Seafile's web interface is clear-cut and the learning curve is short. The button functions are usually self-explanatory, with additional tooltips popping up when you mouse over the buttons.

Seafile uses libraries to manage uploaded files or any files created in Seafile. Each library can be synchronized, encrypted client-side, and shared separately. In the libraries, you can create hierarchical directory structures with folders and subfolders as needed. Synchronization supports a location-independent work approach with clients always kept in sync on the remote devices.


If you decide to use Seafile, you first need to install it. On the download portal [4], you will find servers for Linux for both editions and for the Raspberry Pi in the Community section. The clients are broken down into Desktop Syncing Clients and Desktop Drive Clients, the Drive Clients giving users access to files on the server without synchronizing them with the local disk. For each of the two variants, clients are available for Linux (GUI and terminal), macOS, and Windows. Clients for mobile devices are available for Google's Android platform and Apple's iOS.

The Linux server offers three installation scenarios. Starting in version 8.0, the project recommends installing in a Docker container. The setup is automatically handled by a Docker compose file [5]. The second method, in the form of an installation script, sets up the server with MariaDB, Memcached, and NGINX as a reverse proxy in a few minutes, but the script is considered deprecated [6].

With the third method you do everything manually [7]. Although this offers the greatest knowledge gains, it takes the longest and entails the risk of getting many things wrong. If you prefer this way, you should go for MySQL/MariaDB rather than the SQLite option, because you will reach SQLite's limits sooner or later. Docker benefits: For one thing, the installation works with any distribution that supports Docker. On the other hand, the containers offer more flexibility because they can be copied faster and easily moved to another host.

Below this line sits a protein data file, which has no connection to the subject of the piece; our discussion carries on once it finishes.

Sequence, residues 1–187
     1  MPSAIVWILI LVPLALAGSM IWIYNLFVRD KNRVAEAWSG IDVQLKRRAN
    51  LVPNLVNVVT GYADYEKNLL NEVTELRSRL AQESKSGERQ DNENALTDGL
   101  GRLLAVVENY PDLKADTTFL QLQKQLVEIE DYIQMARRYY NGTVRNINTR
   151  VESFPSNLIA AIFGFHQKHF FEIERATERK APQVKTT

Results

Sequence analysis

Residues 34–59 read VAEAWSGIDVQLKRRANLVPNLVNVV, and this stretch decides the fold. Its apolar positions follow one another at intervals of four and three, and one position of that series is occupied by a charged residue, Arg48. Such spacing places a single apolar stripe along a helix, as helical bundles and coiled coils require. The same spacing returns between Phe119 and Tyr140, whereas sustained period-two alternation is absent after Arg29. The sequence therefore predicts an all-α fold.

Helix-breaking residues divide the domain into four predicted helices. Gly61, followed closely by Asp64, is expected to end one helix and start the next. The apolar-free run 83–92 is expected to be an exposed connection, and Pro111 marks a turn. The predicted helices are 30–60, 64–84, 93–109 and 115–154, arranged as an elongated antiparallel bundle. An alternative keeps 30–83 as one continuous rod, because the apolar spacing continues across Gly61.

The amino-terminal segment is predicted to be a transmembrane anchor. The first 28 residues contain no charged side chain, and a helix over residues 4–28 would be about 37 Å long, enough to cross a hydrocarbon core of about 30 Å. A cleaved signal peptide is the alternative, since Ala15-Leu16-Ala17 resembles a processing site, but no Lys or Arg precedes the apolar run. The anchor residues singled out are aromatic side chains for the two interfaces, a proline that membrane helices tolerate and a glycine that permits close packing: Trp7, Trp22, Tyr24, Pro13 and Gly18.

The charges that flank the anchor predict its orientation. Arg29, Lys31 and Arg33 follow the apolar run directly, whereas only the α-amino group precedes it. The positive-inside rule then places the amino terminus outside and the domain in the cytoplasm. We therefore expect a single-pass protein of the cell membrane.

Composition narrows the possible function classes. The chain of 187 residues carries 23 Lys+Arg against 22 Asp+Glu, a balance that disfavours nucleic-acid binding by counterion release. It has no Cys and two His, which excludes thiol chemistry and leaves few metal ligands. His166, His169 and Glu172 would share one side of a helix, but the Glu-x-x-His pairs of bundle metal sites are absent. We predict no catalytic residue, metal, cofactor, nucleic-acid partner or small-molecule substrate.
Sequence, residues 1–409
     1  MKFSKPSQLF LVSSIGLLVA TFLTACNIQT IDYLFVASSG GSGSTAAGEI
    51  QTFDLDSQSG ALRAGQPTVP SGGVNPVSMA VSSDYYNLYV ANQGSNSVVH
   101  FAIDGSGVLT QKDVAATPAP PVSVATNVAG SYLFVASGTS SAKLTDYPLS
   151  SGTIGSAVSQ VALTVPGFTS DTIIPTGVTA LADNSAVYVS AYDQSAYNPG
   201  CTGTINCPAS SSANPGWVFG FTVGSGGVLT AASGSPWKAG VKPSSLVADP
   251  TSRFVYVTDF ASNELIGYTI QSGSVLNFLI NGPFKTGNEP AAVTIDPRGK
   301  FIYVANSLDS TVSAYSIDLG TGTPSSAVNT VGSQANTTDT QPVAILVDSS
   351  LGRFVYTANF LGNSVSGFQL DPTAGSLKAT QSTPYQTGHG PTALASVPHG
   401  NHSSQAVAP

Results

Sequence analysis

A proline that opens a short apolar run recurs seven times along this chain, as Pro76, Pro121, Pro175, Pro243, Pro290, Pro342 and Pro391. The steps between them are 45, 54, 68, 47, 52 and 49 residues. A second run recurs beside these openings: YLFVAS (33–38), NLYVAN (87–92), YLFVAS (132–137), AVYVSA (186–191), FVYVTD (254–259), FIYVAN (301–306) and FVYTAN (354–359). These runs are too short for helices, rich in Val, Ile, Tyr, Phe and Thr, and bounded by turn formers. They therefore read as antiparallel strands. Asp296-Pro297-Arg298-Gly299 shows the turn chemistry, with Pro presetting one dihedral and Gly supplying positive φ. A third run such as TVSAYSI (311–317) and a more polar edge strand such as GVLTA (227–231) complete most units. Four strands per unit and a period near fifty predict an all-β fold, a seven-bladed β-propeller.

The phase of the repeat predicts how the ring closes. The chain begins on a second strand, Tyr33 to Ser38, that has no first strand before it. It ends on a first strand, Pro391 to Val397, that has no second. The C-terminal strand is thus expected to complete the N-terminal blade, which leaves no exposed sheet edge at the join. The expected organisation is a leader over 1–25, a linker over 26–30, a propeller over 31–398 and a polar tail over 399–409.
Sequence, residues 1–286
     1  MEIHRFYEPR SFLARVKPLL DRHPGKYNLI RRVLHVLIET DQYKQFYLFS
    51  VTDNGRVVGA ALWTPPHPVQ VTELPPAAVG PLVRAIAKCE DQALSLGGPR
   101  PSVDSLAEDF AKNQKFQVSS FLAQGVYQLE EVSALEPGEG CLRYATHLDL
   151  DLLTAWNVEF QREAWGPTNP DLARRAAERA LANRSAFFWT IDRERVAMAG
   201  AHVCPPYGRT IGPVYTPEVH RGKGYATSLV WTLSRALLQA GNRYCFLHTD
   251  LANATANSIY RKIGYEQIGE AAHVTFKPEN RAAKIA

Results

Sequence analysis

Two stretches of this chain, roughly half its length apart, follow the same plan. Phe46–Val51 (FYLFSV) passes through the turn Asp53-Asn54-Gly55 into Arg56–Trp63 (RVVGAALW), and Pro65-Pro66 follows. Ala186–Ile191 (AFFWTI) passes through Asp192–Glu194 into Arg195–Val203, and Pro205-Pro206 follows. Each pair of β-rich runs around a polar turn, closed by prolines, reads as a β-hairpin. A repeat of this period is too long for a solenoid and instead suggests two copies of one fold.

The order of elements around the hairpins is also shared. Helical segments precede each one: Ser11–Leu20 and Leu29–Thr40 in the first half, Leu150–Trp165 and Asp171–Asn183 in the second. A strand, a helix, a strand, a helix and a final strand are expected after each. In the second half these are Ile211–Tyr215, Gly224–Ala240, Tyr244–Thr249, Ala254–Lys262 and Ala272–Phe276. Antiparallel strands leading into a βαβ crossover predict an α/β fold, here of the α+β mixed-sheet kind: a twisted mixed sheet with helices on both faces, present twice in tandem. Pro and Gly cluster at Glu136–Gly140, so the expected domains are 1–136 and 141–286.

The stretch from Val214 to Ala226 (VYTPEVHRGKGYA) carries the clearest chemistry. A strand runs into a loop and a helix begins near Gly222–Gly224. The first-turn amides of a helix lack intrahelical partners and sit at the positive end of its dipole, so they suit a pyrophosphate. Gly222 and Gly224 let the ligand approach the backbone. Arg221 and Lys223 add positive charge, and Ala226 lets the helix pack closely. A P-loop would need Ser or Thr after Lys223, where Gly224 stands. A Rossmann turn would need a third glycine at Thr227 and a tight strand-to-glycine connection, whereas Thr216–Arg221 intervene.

Buy this article as PDF

Express-Checkout as PDF
Price $2.95
(incl. VAT)

Buy Linux Magazine

Get it on Google Play

US / Canada

Get it on Google Play

UK / Australia

Related content

  • simpleDrive

    If you value data security and privacy, you might want to build your own cloud storage. SimpleDrive offers a workable alternative to this time-consuming project.

  • Comparing Cloud Providers

    Many companies now offer data storage in the cloud. We tested seven alternatives with a close look at security features.

  • Docker Open Source Developer Tools

    Docker provides the open source tools and resources for compiling, building, and testing containerized applications.

  • ShellHub

    ShellHub offers an innovative approach to remote access with minimal reconfiguration of a firewall.

  • LinkAce/floccus

    LinkAce and floccus synchronize and manage bookmarks while storing your data locally.

comments powered by Disqus
Subscribe to our Linux Newsletters
Find Linux and Open Source Jobs
Subscribe to our ADMIN Newsletters

Support Our Work

Linux Magazine content is made possible with support from readers like you. Please consider contributing when you’ve found an article to be beneficial.

Learn More